A good friend of mine has found a new job but hasn’t started yet, but he knows an ex colleague he got on reasonably well with also works there, but this ex colleague knows my friend was let go from his role (it was 3 years ago)

Would his job be at risk if the ex colleague informed HR or his line manager?

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    Did this role come up during the interview / was it on his resume? Did he lie about it to the people who made the decision to hire him? – Keiki Jun 7 '18 at 19:08
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    See also: I got a job offer, but I lied about a few months on my current work history. Yes, both of those are about faking work experience, not lying about getting fired, but lies are lies. Assuming lies were involved, otherwise the question doesn't make much sense (since getting fired isn't some sort of career-ender that will mean you'll be shunned by everyone who ever finds out). – Bernhard Barker Jun 7 '18 at 19:39
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    As well as telling us if he lied about the job he was let go from, does 'let go' mean fired with cause, or let go for economic reasons, or something else? – DJClayworth Jun 7 '18 at 20:55
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    @Captain_Custard Has your "friend" lied about the job in the resume or the application? The suggested duplicates and the answers seem to think so, but I don't see it mentioned anywhere in your question. Could you please clarify why exactly you suspect your "friend" is at risk of losing the offer? – Masked Man Jun 8 '18 at 1:23
  • A lot of that depends on why he was "let go from his role". If it was downsizing, that's one thing. If it was theft of company property, or punching a manager's nose. that's quite another. – Mawg says reinstate Monica Jun 8 '18 at 7:00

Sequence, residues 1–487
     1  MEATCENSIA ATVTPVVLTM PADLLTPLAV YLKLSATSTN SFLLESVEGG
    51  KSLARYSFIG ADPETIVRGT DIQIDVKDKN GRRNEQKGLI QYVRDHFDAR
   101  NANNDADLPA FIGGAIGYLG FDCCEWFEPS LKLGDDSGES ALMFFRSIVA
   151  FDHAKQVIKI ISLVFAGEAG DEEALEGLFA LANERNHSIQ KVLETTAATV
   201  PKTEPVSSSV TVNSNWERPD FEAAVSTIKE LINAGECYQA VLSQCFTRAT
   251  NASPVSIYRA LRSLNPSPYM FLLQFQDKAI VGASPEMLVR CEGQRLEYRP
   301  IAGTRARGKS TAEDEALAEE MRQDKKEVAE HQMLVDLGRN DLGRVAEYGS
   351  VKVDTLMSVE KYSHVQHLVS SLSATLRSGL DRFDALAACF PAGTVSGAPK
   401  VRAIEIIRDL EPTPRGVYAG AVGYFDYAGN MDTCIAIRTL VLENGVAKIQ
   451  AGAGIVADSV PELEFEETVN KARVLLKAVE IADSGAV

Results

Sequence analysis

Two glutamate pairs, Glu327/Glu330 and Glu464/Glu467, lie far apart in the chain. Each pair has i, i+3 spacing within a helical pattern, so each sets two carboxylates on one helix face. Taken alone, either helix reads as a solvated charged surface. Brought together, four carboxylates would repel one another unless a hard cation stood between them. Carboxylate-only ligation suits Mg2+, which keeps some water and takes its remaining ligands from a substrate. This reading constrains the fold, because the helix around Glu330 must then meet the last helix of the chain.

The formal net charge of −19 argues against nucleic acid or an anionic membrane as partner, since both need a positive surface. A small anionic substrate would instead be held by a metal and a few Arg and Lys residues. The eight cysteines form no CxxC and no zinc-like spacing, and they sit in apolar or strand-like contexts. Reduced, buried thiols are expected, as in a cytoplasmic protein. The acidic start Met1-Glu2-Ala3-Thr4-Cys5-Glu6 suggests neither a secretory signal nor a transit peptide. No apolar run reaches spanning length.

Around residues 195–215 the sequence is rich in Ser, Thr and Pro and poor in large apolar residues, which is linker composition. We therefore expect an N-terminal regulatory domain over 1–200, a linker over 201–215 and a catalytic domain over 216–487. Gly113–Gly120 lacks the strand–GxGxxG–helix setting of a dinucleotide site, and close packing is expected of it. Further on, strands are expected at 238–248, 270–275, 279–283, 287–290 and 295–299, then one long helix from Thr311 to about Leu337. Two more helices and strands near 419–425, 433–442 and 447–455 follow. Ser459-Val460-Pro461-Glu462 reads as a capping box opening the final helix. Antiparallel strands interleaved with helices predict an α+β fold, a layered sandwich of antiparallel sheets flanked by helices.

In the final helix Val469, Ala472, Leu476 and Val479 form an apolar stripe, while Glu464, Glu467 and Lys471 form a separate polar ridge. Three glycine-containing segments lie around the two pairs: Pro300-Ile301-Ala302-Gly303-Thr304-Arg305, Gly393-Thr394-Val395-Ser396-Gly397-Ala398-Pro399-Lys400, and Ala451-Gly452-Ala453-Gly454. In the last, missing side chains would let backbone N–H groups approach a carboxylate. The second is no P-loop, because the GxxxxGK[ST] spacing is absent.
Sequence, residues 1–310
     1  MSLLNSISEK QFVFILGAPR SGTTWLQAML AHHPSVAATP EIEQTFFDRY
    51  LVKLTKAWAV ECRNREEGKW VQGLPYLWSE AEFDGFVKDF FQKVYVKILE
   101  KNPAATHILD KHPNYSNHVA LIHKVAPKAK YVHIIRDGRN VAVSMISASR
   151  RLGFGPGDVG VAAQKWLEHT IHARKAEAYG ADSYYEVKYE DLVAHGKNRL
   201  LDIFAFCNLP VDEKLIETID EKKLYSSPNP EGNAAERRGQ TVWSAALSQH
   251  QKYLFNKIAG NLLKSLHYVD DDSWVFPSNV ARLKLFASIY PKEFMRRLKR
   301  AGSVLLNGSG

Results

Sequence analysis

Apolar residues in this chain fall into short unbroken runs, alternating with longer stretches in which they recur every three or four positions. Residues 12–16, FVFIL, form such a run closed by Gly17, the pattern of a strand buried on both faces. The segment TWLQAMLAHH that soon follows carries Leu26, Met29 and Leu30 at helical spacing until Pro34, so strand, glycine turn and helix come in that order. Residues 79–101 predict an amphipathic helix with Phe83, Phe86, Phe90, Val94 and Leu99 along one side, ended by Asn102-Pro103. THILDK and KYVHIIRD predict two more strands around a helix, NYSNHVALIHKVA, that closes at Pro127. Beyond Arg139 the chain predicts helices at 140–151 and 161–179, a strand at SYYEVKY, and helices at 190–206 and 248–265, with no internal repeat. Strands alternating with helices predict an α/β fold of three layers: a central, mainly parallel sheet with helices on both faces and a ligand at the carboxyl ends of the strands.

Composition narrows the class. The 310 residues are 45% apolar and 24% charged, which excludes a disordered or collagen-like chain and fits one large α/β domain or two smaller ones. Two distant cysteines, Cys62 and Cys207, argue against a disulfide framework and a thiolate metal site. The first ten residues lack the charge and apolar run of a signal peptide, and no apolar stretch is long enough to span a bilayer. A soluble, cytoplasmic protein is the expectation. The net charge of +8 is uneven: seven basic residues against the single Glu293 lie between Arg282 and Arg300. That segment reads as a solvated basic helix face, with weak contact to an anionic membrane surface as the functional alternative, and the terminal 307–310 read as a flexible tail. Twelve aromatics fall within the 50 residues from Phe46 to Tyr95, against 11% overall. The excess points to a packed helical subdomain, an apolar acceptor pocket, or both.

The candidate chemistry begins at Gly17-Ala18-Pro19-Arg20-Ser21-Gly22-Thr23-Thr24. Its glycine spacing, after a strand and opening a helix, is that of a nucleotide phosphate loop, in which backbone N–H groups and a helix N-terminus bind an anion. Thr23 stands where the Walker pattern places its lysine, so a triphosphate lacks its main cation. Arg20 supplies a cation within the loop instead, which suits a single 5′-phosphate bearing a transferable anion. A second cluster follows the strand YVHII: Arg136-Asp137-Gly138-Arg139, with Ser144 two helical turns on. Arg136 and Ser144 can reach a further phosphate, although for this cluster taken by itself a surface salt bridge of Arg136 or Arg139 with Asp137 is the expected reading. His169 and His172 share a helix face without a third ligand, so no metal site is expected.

Typically job offers are contingent on providing up-to-date, accurate information regarding previous employment (read: they should already know). If your friend was asked about his reason for leaving that position and he lied, then yes, he could lose the job. Assuming he filled out the pre-hire paperwork accurately and he's already passed his background check, he should be fine.


There is two ways this could put your friend’s job at risk.

If this person provides information to the company which contradicts the reasons your friend gave his previous job ending it could set off a red flag in the company.

If the person provides the company damming information about your friend’s performance while at his previous job then the company may think twice about hiring him.

There isn’t much you friend can do. Any attempt at damage limitation would look very odd to the hiring company.

This situation is not unusual. HR and hiring managers often ask around their network of contacts about people they may hire. In this case you just happen to know the name of someone they may talk to. This is why you should always be honest when interviewing and do you best not to give people reasons to say bad about you in the future.

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